"So what? He will have little or no credibility, and the more he accuses the less he will be believed."

"A lot of people respect Frank Black, and always will," one of the three female members present spoke for the first time. The Old Man watched her carefully, already knowing what she was going to say.

"Let Watts live," she continued."Convince him to remain within the Group and to accept what we are, and he will control Frank Black."

"I agree," another spoke up, as did a third. The Old Man noted the ones who spoke in Peter's favor. They were the ones he expected would do this, but he hadn't been certain they would. None of them could ever be certain again.

"But how do we convince him?"

"We show him the truth, that only a few died. Most of what he is feeling right now is because he believes his wife and children were casualties of an outbreak that we caused. Convince him otherwise, and he will remain with us."

The Old Man nodded. "It is decided then, Watts remains alive and holds his position within the Millennium Group."

"I think this is a foolish decision."

"But you will go along with it?"

"Yes. For the present, but he must be monitored, and I would hesitate to take him further into the Group."

"He will be monitored, and taking him further will be my consideration alone. The more he knows, the more he will fear, and it is this that will be our means to control him."

Peter was only mildly curious about his destination and he sat quietly in the back seat of the car allowing himself a last look at the countryside as it sped by. It would have been nice to spend my last few hours looking at the sunshine, he thought, but the rain is probably more appropriate.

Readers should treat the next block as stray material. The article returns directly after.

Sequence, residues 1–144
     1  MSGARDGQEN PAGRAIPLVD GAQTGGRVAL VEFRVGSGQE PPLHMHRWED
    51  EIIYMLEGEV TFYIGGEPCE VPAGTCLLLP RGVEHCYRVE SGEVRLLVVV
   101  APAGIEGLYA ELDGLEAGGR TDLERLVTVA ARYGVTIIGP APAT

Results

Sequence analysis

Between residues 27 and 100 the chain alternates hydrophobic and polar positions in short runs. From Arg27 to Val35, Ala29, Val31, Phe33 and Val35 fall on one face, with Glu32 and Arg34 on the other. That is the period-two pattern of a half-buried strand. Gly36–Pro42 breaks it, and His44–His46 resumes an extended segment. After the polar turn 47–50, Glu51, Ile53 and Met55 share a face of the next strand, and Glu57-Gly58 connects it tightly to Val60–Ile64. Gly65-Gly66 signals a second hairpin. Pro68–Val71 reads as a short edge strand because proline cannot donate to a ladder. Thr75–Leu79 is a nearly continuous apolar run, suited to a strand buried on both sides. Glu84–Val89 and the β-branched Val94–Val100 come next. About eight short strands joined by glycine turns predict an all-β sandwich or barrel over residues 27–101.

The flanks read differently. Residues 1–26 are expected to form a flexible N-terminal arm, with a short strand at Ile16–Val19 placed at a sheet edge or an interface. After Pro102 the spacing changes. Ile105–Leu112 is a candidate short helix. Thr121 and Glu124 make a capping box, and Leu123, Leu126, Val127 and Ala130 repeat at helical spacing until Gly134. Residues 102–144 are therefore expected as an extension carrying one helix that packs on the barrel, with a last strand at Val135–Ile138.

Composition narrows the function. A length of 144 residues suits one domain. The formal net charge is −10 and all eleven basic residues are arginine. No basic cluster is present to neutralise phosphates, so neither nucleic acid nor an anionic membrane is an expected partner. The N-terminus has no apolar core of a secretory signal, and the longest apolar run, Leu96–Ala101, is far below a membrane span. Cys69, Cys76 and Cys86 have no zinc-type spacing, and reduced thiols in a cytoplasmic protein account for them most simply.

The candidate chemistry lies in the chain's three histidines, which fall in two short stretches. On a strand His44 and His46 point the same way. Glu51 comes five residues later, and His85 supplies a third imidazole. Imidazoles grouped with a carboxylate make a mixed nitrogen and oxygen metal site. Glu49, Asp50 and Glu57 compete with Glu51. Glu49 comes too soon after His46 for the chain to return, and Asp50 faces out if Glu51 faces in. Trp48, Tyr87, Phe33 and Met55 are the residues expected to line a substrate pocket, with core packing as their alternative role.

The driver eased the car to a crawl as they approached a set of gates that opened automatically when they pulled up in front of him. Obviously I'm expected, Peter through. He looked across the fenced-in grounds noticing, through a gap in the trees, a house in the distance, he even took a brief moment to admire it. He could see a stretch of water beyond; a lake most likely, but the low clouds hid whatever was beyond the lake.

They skirted around the house, leaving it behind, and travelled on until they came to another building. It was here they stopped and he was assisted out of the car and led into this building. The other house was nicer, he thought. I would have preferred to die there. This one was made of cold grey stone, forbidding and bleak. Immaculate, but uninspired. He was led to the door and ushered inside where it was just the same; well furnished, but cold, and un-welcoming, as though no one had ever lived there. Or had ever wanted to.

They led him along another corridor to another door and he waited patiently, every second becoming precious now, while one of his guards softly rapped on the door.

The Old Man was speaking quietly on the telephone.

"Try and be patient for just a short while longer. It will not be long, I promise." he said gently, finishing the conversation and replacing the receiver. With a wave of his hand he dismissed the two who had brought him here. He stood up and walked to the window and stared outside. Peter stood there watching him, waiting for him to speak.

"Sit down Peter," the Old Man finally said without looking round, continuing to keep his vigil at the window. "You and I have a lot to discuss."

"What did he say, Mom?" Erin asked impatiently as her mother set the phone down.

"He said that Dad is okay and that we'll see him soon." Barbara breathed a sigh of relief, feeling almost dizzy. Peter is alive, she told herself. Her heart leapt and she offered up a silent prayer. Oh, thank you God. Thank you.